Marginalization a main cause of extremism, says report on anti-Semitism in France

PARIS, FRANCE - JANUARY 09: French riot policemen enter a kosher deli during a hostage situation at Port de Vincennes on January 9, 2015 in Paris, France. According to reports at least five people were taken hostage in a kosher deli in the Port de Vincennes area of Paris. A huge manhunt for the two suspected gunmen in Wednesday's deadly attack on Charlie Hebdo magazine has entered its third day. (Photo by Antoine Antoniol/Getty Images)
French riot policemen enter the Hyper Cacher kosher deli during the hostage situation on Jan. 9, 2015. A gunman killed four Jewish hostages. Photo by Antoine Antoniol/Getty Images

The rate of anti-Semitic incidents in France is increasing, yet they are underreported and under-researched. That was one finding of a report on anti-Semitism and extremism in France released Jan. 7, a year after attacks on Charlie Hebdo magazine and a Paris kosher supermarket killed 17.

The report, issued in Washington by Human Rights First, a U.S.-based advocacy organization, calls for the United States to work with France to combat anti-Semitism and extremism.

“Breaking the Cycle of Violence: Countering Antisemitism and Extremism in France” confirms earlier accounts that anti-Semitism is connected to the rise of the extreme right, the marginalization of immigrant and Muslim populations, and Islamic extremism.

It says the French government’s National Action Plan to Fight Racism and Antisemitism, launched in 2014, has fallen short “of the long-term political vision necessary to confront the problem’s root causes.”

According to the report, marginalization is a main cause of extremism and violence. The official response has led to an unexpected reaction.

“Government action to denounce and confront antisemitism paradoxically exacerbates it, by validating the narrative that Jews exert inordinate influence over the French political establishment,” it states.

A panel at the National Press Club discussed the report and its findings, released less than two months after a terrorist attacks in Paris killed 130 people.

Ilan Scialom, vice president of Coexister, a movement in France of advocates for tolerance and inclusion, said it is difficult for French activists to have discussions and build coalitions because no “neutral space” exists in French society.

Coexister follows three steps toward activism, he said.

The first is dialogue, in which participants come together with their various identities. This is unusual in France, where group identity doesn’t exist officially out of fear of “communitarianism.”

The second step is solidarity, moving from “living together to building something together,” the idea being that no one will want to destroy something they built.

The final step is educating and training people in high schools.

Scialom warned against those who see a replay of the 1930s in today’s French anti-Semitism.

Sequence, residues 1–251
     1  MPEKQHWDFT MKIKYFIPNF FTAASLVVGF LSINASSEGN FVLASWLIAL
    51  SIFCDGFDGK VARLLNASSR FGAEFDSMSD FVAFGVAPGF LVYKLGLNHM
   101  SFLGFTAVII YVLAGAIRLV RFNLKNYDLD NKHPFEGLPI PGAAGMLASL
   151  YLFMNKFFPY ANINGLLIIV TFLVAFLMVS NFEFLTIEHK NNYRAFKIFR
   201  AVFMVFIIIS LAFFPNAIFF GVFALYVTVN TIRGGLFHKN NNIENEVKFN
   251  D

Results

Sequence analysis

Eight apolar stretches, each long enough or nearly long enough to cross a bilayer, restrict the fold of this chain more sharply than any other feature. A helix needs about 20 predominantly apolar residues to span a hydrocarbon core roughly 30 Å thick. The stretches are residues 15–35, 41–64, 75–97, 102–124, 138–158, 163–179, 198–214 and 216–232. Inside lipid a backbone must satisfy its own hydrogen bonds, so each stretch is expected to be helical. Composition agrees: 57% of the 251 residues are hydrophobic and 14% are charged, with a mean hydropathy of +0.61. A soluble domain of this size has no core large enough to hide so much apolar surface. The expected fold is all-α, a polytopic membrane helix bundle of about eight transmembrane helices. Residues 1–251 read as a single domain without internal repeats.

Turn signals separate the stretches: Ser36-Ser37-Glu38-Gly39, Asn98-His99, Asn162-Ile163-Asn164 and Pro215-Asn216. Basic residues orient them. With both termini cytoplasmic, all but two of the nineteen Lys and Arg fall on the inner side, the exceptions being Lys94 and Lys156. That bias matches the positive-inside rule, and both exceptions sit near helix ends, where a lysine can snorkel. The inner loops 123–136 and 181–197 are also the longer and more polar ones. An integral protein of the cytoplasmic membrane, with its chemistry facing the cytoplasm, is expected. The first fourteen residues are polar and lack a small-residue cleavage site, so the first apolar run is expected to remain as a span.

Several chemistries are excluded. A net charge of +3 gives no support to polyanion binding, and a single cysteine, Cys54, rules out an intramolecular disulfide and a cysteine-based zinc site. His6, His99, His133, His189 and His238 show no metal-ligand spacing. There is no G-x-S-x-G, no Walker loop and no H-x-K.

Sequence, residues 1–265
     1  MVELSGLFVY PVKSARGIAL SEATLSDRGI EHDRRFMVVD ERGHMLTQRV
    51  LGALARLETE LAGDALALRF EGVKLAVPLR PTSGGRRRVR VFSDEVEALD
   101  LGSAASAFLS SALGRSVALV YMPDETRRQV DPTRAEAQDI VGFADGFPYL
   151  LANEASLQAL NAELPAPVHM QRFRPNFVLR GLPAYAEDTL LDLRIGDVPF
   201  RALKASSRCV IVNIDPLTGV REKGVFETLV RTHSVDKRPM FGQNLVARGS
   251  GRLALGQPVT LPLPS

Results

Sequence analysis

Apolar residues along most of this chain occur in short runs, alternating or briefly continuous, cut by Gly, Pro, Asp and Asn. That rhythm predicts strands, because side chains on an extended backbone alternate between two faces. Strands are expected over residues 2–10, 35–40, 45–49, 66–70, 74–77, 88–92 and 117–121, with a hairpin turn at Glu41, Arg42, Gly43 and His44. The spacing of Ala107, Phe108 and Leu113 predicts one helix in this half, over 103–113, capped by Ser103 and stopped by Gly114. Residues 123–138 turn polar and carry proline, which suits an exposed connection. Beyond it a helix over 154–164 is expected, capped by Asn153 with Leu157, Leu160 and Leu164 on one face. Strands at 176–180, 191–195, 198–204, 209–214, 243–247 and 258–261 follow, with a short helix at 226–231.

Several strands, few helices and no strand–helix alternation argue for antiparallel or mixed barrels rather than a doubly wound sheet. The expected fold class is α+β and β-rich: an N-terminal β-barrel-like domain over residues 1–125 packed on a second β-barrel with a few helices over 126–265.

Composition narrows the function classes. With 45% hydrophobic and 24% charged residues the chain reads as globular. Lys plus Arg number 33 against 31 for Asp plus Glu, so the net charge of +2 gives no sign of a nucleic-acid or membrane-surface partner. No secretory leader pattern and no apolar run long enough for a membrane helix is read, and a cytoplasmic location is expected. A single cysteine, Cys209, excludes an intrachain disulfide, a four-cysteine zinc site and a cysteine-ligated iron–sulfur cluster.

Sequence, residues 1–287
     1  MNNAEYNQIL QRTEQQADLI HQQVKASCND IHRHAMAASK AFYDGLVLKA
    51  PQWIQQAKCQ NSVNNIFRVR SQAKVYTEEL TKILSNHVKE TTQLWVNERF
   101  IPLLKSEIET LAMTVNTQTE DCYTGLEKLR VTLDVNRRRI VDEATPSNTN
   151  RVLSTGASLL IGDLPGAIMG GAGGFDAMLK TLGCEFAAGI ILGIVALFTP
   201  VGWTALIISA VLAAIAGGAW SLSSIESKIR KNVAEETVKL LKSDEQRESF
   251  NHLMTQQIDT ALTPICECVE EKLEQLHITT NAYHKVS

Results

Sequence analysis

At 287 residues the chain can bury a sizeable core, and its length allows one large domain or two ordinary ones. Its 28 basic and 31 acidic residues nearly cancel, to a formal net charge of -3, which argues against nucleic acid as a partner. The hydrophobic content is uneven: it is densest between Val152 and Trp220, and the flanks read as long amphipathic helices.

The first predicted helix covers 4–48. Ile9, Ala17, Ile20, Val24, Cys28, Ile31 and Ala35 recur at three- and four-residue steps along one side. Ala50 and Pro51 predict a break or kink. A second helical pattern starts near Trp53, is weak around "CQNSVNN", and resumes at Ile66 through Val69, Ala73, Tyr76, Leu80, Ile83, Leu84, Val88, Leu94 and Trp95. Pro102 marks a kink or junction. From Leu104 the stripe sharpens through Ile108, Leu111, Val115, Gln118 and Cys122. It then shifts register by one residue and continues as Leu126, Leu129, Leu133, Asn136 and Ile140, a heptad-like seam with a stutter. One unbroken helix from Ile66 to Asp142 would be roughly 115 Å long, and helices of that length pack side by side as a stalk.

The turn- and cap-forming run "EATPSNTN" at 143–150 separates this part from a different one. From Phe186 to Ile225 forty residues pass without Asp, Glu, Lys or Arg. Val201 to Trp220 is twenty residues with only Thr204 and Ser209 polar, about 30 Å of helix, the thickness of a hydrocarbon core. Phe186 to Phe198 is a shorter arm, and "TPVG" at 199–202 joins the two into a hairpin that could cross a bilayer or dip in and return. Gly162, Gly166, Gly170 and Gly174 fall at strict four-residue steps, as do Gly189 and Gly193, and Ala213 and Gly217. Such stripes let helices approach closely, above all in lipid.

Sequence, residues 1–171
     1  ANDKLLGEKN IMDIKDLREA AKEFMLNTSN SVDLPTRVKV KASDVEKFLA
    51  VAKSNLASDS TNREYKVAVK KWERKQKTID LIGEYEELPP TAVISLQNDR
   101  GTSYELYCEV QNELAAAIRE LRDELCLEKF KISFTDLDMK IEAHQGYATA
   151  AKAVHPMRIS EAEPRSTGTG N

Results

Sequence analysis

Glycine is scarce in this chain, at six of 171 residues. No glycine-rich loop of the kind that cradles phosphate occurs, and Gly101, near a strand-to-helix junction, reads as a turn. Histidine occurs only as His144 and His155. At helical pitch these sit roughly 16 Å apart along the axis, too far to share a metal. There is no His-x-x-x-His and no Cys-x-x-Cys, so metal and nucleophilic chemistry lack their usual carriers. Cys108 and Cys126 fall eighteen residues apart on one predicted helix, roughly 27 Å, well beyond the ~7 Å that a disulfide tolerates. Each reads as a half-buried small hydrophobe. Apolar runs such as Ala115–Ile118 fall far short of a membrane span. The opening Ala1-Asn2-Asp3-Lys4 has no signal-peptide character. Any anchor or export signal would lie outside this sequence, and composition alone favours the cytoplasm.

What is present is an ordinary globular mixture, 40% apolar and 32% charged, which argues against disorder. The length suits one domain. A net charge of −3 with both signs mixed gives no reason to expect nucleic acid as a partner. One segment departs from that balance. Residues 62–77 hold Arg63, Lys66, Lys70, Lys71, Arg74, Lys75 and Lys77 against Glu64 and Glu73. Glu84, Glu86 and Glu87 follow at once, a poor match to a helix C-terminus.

“France is very different today. The majority of the Jewish community are Sephardic Jews. They have a different relationship to the Muslims,” he said. “This is not the pre-Holocaust. It helps if the U.S. community understands that.”

The report calls on the United States to work with France to combat anti-Semitism in France. Among its recommendations are for senior U.S. officials to continue to condemn anti-Semitic violence, but to “avoid fueling a ‘clash of civilizations’ narrative between Jewish and Muslim communities.”

Panelists said French activists could learn from the United States, which has well-developed interfaith networks and a history of coalition-building among minorities and interest groups.

But Michael German, a fellow at the Brennan Center for Justice’s Liberty and National Security Program, said the United States has a lot to learn about understanding and responding to extremism.

“There are two separate problems that need to be addressed separately: increasing anti-Semitism and violence,” said German, who in his career as a federal law enforcement officer, penetrated neo-Nazi groups.

“In neo-Nazi groups, people who commit violence were not the ideologues,” he said. Instead of focusing on the ideologues and ideology behind a movement, the violence itself should be treated as a criminal matter. “We are not having an honest dialogue about terrorism. … Instead we have a sensationalistic dialogue that just provokes fear.”

Panelist Floriane Hohenberg agreed. A contributing researcher and writer for Human Rights First, Hohenberg said that silencing extremists in France would mean “excluding the [far-right] National Front,” which would be “the exclusion of a large part of society.”

Instead, she said, “they have to be engaged” and their beliefs confronted.


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